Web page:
One of the joys of writing is discovering previously unknown (to me), established artists; it is what keeps me going. Last week brought to my ears the mesmerizing black metal of Portland’s Drouth. The band has been around since 2014 (starting under the name Contempt in 2012), but Excerpts From a Dread Liturgy only marks their second full-length following 2017’s Knives, Labyrinths, Mirrors. The lack of quantity over the years is made up for by the quality of their material, and Excerpts From a Dread Liturgy sees them continue to perfect their skills.
With just two weeks of interaction with the band’s catalog, I feel confident to say Excerpts From a Dread Liturgy takes everything that came before, refines the finer bits, and aggregates the extreme chunks, resulting in a much more cohesive and engaging album. Playing a polished modern style of black metal like their compatriots in Gaerea and The Great Old Ones, Drouth add the slightest mix of death metal, resulting in a bit more of a diverse and original-sounding album. For what may seem like an endless stream of blast-beats, tremolo riffs, and guttural vocals, there are neatly executed song structure and dynamics to be found just below the surface for every song.
Take the impressive opener, “A Drowning In Sunlight”, for example – it builds the atmosphere in mere seconds, before the sonic assault commences. It manages to maintain full-on aggression all through its eight-and-half minute runtime, without becoming too monotonous at any point. Drouth do this with some carefully put together structures. Exactly a minute into the assault, the song drops a melodious breather before picking up pace again, drawing in the listener’s complete attention, before adding a perfectly complimenting layer of death metal.
A lot of different elements are put together into each track, and a non-attentive listen may make them fade in the background. “O Time Thy Pyramids / An Unfinished Nightmare” may appear to be a reckless, powerful bashing of seven minutes, but it stunningly incorporates a death-doom two-minute opener. This segment, on its own, could draw comparisons to the likes of Bell Witch, but feels even more pronounced due to the sheer anguish that follows. Where the galloping riffs remind one of the likes of Blaze of Perdition, the classic old-school death metal solos brought to mind comparisons to acts like Blood Incantation.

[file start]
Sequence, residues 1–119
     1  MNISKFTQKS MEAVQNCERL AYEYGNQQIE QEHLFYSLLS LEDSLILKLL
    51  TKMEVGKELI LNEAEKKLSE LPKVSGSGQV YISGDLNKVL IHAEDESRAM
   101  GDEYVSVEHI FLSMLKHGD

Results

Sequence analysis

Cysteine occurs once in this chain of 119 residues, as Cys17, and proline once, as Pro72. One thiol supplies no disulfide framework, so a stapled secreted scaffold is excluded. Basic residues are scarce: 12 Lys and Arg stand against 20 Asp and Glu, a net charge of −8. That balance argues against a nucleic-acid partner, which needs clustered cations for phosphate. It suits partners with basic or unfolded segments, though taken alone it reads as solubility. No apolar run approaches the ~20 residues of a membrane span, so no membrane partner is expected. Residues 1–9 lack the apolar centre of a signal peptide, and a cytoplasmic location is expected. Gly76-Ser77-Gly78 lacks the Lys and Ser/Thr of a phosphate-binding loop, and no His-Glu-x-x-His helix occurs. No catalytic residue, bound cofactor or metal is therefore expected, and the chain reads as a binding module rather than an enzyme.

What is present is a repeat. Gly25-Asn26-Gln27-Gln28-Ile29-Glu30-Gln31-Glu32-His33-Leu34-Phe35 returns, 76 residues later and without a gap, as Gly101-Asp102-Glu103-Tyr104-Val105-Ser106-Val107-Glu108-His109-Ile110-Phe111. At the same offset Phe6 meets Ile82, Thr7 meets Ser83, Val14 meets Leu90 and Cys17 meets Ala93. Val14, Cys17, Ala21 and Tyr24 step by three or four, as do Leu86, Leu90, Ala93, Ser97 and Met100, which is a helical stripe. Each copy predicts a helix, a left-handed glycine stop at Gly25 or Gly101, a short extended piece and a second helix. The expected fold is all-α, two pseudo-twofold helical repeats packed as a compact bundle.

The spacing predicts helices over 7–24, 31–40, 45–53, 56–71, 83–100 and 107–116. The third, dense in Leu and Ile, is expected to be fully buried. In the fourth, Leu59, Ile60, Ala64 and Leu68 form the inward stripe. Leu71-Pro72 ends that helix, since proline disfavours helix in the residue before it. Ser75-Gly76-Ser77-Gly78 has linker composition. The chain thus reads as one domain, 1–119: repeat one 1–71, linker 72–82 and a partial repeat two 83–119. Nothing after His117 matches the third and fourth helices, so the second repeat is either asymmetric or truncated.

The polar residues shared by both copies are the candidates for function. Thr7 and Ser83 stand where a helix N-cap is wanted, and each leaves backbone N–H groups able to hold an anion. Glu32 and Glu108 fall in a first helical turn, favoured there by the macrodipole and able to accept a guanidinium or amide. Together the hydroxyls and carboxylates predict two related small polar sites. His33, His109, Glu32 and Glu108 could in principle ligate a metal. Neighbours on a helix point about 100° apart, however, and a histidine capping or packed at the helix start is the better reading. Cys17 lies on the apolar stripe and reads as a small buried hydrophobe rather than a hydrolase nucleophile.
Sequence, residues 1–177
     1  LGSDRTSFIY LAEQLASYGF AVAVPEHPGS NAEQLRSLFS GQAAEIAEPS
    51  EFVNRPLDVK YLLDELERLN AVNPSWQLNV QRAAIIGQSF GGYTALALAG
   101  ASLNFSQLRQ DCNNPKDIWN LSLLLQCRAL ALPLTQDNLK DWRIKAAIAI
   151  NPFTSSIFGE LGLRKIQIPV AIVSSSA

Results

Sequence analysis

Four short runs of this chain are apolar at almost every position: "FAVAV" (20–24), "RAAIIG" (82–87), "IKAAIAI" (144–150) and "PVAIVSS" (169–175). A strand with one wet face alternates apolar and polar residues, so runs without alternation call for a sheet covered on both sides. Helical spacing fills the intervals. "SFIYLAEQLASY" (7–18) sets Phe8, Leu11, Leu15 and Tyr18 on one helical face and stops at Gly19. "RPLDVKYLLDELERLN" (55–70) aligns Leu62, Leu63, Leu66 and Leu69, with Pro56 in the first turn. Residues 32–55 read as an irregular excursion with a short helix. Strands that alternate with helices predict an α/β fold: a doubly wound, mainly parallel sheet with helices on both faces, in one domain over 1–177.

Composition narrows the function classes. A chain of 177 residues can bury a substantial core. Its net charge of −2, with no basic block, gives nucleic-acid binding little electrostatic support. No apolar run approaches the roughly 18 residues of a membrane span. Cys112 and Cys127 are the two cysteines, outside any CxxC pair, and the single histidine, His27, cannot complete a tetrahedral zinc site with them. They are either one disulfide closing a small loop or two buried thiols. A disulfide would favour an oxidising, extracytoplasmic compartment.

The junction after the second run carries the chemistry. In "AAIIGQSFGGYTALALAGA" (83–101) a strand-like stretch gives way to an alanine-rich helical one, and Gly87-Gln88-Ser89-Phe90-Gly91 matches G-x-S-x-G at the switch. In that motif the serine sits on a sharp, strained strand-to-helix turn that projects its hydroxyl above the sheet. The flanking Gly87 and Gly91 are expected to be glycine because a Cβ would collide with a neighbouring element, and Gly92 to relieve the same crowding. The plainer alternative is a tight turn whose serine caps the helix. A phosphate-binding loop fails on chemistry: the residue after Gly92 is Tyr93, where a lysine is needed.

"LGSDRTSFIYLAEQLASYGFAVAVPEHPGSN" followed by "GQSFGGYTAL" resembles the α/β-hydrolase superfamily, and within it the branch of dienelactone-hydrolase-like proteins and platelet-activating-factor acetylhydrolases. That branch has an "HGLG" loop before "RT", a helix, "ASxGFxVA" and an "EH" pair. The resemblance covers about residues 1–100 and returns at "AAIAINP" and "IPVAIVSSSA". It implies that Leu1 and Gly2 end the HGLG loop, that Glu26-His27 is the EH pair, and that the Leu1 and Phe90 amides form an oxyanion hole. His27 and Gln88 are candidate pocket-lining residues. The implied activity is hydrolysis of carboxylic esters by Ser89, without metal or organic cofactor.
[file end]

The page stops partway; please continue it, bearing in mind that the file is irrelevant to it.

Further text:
Sadly the record falls short of complete perfection due to one minor quibble – the lack of memorability. Once the album comes to an end, it becomes hard to recall beyond a few random touchpoints, even after multiple listens. While full of aggressive riffage, there is a lack of any real hooks that get stuck in one’s brain. The likes of “An Apiarist” and “A Repulsive Act Shrouded in Flesh” succeed in establishing a melodic black metal atmosphere, but fail to bring in the killer punch, and end up being the middle-of-the-pack runners. On the positive side, the instrumentation is excellent: the dual guitar attack by Matt Stikker and John Edwards generates both the melodic atmosphere and the barraging assault. Patrick Fiorentino’s drumming is on point and perfectly complements the guitars, while Tyler Wolfe’s bass lines shine out during the slower sections.
Even if the album closer “A Crown of Asphodel” makes me wonder how Drouth would sound if they worked on more compact and shorter songs, I cannot take away the fact that Excerpts From a Dread Liturgy is an engaging listen. It both embraces and suffocates the listener, as we dance between death, doom, and black metal – a fascinating style, with hints of an even greater potential. Needless to say, I sincerely look forward to hearing more from Drouth in the future.